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Jennette: City faces transition challenge

By Staff
Wants to help lead Washington toward a prosperous future
By MIKE VOSS, Contributing Editor
No matter who is on the new Washington City Council in December, Mayor Judy Meier Jennette said she and that council have plenty of work to do.
The new council should be prepared to spend a lot of time on long-term planning for the city. That’s one of the things the council will face as it prepares the city for the future, said Jennette, who is unopposed in her quest for a second two-year term as mayor.
Sixteen years as a council member and two years as mayor have provided her with an intimate knowledge of the city and its people, she said.
Jennette said she is “intrigued” and “excited” about the possibility of development in the city’s downtown. As for the possibility for development of the “super block” — an area including the former Fowle, Hotel Louise and Belk buildings on the south side of West Main Street and the property between those buildings and Stewart Parkway — in the future, Jennette said she will need more information on that proposal before making up her mind.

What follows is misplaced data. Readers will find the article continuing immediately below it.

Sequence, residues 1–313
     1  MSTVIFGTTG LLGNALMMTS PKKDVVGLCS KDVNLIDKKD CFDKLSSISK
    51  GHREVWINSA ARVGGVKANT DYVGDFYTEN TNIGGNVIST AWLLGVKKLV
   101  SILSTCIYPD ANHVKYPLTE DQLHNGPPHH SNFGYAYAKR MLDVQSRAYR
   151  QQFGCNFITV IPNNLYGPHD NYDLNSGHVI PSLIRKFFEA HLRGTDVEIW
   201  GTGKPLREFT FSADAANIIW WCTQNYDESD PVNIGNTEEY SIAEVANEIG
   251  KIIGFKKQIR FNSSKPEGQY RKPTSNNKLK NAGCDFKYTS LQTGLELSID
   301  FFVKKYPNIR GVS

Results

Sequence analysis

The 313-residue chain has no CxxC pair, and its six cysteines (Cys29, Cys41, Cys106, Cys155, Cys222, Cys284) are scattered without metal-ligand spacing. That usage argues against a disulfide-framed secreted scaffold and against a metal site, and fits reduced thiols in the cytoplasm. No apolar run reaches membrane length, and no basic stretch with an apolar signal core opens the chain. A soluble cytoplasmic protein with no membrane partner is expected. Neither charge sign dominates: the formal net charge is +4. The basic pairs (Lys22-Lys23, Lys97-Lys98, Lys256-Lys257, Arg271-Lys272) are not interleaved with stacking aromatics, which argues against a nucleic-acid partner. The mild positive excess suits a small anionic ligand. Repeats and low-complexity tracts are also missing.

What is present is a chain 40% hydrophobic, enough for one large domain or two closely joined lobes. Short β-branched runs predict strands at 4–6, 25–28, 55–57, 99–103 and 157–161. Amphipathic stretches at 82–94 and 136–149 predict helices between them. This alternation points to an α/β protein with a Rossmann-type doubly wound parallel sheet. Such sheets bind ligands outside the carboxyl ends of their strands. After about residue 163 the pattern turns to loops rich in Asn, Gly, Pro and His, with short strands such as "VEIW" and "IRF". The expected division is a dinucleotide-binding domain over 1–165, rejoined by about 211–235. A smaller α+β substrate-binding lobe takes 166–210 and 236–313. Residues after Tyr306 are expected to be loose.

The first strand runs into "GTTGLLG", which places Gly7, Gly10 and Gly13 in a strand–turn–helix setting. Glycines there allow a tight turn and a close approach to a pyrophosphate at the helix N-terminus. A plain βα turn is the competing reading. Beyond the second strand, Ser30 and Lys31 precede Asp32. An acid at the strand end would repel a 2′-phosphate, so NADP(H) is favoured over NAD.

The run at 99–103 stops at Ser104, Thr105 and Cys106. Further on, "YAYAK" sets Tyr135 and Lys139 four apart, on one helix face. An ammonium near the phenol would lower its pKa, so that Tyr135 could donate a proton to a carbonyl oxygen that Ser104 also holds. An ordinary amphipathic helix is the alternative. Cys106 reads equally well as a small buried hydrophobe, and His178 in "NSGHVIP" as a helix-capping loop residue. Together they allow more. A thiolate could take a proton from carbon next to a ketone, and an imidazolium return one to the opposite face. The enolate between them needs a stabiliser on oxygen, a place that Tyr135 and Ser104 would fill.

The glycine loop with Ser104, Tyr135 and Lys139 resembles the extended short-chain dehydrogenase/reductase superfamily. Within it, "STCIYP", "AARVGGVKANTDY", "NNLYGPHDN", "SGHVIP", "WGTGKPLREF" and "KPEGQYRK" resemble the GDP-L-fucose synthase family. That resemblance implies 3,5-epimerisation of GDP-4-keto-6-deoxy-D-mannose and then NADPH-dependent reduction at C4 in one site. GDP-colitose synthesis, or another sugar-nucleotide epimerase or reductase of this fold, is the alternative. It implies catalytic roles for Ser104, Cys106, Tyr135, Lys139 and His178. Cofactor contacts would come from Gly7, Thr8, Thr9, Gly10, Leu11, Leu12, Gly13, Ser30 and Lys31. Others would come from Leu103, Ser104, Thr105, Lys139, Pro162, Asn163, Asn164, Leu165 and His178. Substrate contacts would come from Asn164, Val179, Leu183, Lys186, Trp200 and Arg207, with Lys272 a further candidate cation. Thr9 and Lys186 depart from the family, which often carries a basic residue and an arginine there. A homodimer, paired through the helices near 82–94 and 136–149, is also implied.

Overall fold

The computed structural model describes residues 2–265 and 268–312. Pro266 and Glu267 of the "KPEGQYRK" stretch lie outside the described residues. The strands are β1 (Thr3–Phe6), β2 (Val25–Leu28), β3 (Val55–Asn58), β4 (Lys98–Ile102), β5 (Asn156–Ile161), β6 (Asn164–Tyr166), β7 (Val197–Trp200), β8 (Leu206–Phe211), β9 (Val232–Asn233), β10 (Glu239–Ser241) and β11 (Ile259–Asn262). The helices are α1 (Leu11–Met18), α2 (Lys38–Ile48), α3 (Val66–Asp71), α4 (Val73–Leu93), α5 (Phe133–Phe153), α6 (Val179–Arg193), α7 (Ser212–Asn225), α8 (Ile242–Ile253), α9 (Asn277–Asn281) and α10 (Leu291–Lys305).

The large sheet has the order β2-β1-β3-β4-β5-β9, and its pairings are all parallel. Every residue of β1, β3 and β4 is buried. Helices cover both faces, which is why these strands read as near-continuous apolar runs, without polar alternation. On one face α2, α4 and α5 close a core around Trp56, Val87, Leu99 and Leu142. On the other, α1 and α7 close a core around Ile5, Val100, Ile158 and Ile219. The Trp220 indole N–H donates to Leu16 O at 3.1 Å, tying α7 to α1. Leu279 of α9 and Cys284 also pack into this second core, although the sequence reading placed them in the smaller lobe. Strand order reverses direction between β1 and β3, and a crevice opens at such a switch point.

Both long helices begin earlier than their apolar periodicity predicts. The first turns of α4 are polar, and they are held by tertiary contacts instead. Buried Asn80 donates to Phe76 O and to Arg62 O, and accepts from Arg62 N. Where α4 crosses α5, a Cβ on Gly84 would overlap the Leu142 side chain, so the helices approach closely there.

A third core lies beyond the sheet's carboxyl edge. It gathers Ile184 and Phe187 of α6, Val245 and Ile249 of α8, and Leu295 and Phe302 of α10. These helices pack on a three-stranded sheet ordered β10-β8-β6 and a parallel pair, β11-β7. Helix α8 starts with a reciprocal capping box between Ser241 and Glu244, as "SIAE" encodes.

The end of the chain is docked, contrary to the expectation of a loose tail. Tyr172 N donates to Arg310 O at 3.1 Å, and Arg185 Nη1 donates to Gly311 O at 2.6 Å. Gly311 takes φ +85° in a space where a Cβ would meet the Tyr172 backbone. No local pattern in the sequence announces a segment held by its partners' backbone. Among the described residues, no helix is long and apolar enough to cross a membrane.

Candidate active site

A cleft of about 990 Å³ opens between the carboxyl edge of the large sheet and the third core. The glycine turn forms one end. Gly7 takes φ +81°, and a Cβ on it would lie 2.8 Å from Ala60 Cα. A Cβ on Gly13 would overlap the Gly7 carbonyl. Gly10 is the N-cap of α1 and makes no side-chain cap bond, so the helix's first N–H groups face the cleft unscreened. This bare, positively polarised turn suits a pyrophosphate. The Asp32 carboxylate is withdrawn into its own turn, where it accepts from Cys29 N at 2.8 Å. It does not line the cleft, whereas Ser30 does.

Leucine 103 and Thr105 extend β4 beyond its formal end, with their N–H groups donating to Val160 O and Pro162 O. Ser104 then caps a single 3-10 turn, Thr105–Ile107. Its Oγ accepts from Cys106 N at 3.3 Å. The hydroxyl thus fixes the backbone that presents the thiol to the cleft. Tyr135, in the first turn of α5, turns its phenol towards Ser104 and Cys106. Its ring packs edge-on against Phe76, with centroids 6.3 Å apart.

Developing that area, if it’s the right kind of development, could be good for the city, she said.
That transition frightens some city residents, she said.
The city must decide what kinds of development it wants, where the development should occur and how to encourage it, she said.
Properties that are in commercial or businesses zones such as the former Evans Seafood property should be developed, Jennette said. The open space adjacent to the former Evans Seafood site, a half-acre lot, should remain permanently as open space, she said.
Jennette said there’s plenty of work to do to improve the city’s fiscal health. The next fiscal year, which begins July 1, 2008, and ends June 30, 2009, likely will be a “tight one” for the city, even more fiscally tight that the current fiscal year and the previous one, she said.
Although the city has reduced overall operating costs in the current fiscal year and the previous fiscal year, those cuts are affecting the quality of services the city provides, she noted.
Cutting costs is not the only way to improve the city’s financial status, she said.
Jennette said she remains committed to the city’s mission statement, particularly the part that calls for preserving and protecting the city’s unique Southern character and heritage.